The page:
Okuno-in cemetery, home to thousands of spirits in transit.

At Koya-san we stayed in a shukubo, a traditional temple lodge, furnished with tatami mat beds and yukata robes, which we wore while gazing at the well-tended gardens over tea. In the evening we were served shojin ryori, an exotic, twelve-dish vegetarian meal that activated tastebuds I never knew existed.  The next day, we joined in morning prayers, a mesmerizing brain cleanse of chanting punctuated by the deep sound of the bowl-shaped rin gong.

Okuno-in is a mysterious place where towering cedars, many over 1,000 years old, create a natural sanctuary for the Gobyo, Kobo Daishi’s mausoleum, and the additional 200,000 shrines honoring monks, feudal lords and lay people who have died over the past twelve centuries. It is Japan’s largest cemetery.

But wait…did they really pass away?

Monks wearing kimonos and wooden shoes make their way to the gobyo to pay tribute to the Kobo Daishi, the great teacher.

According to Shingon tradition, Kobo Daishi is still alive. Others who are interred or had their ashes brought to Okuno-in are “spirits in transit”. All are awaiting the arrival of Miroku, the Future Buddha, whose message will be delivered by Kobo Daishi himself. Perhaps this is why Okuno-in oozes such tranquility. Far from being foreboding, Okuno-in radiates harmony, linking the beliefs of man and the sacredness of nature.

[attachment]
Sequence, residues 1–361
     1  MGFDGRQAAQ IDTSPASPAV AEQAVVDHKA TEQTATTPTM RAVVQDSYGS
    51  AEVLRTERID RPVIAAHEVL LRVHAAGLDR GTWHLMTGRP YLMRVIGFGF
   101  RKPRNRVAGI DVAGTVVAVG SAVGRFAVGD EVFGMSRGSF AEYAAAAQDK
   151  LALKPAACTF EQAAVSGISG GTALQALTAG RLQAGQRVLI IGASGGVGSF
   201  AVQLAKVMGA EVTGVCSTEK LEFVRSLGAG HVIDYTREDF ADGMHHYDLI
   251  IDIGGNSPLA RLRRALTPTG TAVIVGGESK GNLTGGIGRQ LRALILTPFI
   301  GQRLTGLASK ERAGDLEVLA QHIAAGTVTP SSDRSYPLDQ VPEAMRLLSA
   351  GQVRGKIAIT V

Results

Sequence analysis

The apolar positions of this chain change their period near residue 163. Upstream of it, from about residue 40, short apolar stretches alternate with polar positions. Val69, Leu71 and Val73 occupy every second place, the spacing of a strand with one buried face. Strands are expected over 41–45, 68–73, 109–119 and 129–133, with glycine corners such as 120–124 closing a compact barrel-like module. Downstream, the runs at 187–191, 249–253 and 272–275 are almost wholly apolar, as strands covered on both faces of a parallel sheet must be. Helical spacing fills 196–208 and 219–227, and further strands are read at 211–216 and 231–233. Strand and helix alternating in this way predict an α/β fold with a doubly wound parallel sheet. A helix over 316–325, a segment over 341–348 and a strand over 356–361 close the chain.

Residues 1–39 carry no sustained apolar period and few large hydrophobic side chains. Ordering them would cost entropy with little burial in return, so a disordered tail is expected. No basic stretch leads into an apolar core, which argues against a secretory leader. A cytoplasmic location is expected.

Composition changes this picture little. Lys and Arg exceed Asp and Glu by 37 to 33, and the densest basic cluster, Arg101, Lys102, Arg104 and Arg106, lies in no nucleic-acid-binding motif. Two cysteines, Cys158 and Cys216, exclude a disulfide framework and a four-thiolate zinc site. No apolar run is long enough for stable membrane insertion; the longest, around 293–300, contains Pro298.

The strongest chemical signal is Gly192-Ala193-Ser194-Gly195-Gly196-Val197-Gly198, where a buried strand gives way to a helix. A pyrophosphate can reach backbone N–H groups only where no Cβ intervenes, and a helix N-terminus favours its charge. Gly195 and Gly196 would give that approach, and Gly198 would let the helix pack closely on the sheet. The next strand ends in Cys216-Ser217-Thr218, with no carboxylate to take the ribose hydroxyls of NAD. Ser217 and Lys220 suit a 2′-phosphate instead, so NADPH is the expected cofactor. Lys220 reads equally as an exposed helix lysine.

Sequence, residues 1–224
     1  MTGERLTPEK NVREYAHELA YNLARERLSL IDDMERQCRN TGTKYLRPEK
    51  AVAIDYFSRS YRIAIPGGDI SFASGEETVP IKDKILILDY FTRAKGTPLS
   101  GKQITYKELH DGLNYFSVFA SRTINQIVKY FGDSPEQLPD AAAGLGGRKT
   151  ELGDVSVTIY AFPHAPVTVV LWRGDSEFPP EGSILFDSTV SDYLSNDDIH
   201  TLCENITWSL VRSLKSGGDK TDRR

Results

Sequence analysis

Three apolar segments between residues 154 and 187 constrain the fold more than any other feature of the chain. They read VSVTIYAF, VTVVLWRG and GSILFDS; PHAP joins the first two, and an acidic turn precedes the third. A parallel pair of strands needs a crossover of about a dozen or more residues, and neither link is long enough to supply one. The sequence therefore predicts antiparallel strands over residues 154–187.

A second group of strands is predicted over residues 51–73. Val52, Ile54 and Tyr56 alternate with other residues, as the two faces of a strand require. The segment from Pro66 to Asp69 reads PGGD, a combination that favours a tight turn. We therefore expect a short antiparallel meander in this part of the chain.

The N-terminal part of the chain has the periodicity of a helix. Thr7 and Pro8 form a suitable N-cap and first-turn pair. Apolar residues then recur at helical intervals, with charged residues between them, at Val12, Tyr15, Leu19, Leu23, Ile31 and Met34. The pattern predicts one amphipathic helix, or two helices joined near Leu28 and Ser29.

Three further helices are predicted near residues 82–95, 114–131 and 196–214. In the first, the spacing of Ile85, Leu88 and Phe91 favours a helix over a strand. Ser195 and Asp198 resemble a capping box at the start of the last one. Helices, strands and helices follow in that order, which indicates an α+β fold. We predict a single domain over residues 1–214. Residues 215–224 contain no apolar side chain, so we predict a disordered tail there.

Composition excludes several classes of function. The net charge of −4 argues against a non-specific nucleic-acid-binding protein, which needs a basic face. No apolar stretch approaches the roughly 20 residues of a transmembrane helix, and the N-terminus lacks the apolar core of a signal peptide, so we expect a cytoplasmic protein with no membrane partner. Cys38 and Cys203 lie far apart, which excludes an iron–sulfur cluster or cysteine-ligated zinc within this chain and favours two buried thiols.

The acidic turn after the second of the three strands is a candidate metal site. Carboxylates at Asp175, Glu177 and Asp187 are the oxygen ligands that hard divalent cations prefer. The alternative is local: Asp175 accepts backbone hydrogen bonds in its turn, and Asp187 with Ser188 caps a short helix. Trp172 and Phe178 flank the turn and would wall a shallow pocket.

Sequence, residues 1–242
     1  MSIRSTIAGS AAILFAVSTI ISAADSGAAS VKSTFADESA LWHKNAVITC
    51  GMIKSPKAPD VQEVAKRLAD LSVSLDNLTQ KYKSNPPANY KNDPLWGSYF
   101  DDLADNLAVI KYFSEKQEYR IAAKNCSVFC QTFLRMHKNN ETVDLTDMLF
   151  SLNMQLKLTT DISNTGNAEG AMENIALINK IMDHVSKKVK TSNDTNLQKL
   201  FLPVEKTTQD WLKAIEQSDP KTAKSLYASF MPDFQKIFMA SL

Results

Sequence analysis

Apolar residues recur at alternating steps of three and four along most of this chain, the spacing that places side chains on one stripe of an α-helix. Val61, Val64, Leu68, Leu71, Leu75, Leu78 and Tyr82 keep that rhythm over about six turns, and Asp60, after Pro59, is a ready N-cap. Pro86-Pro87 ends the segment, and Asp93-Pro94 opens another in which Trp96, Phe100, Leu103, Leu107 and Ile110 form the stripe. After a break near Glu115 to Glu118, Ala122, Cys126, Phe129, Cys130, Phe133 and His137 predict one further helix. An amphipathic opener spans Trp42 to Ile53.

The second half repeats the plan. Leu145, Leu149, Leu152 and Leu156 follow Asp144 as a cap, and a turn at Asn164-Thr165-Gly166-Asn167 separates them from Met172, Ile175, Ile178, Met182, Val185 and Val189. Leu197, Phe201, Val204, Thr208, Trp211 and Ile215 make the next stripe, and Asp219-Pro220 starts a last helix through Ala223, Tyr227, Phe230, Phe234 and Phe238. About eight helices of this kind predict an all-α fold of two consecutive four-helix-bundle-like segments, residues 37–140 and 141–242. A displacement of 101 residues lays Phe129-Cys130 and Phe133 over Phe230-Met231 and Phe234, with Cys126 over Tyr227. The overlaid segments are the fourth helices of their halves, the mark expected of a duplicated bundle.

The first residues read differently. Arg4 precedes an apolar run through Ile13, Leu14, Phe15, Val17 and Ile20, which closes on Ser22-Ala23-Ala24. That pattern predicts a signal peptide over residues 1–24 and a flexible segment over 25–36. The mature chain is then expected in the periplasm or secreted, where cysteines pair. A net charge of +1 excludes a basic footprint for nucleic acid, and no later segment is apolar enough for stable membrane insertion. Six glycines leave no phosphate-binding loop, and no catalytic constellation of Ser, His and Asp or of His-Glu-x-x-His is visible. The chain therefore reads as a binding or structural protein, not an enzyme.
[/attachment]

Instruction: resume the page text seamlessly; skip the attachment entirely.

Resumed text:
From beginning to end, the winding path through Okuno-in is a magical two kilometers. Near the end is the Torodo, which houses hundreds of lanterns, some that have been burning for over 900 years. Outside the Torodo, people splash water on deities while praying for the spirit of their loved ones. Just beyond that in the Gobyo, Kobo Daishi waits in deep meditation for the Future Buddha.


Getting Around
A Japan Rail pass will significantly reduce the cost of getting around. The pass is also valid on many buses and boats. Passes must be purchased outside of Japan, so do this a few weeks before traveling.

Accommodations Ideas
As a general rule, always book ahead. Try to stay in ryokans (Japanese-style inns) or Air BnB’s.

Food Tips
The Japanese admire perfection, and this is reflected in their food.

  • Yakiniku: Grill food at your table. Have all you can eat at the Gyukaku Restaurant in Kyoto.
  • Okonomiyaki: Japan’s tortilla stuffed with goodies. Sit around the grill and watch it made by a master at Lopez restaurant in Hiroshima.
  • Shabu Shabu: Cook at your table in seasoned water. Restaurants are everywhere.
  • Fresh Oysters: Famous in Miyajima.
  • Soba, Udon & Raman: Just about any noodle shop will knock your socks off!
  • Onigiri: In a hurry? Pick up a few at any convenience store.

So Much More
Do your research, there’s a lot to see and do in Japan!

Terry Donohue

Terry Donohue

As a kid Terry stared at maps, read books about pirates and spent barefoot summers on an island up in Canada. As an adult he discovered international education and moved overseas. Almost 30 years later, Terry and his wife have raised their family on five different continents. Terry hopes his writing and photography will inspire others to test life’s fragile boundaries and make their own adventures. When asked if he will ever settle down, Terry answers, “I have.”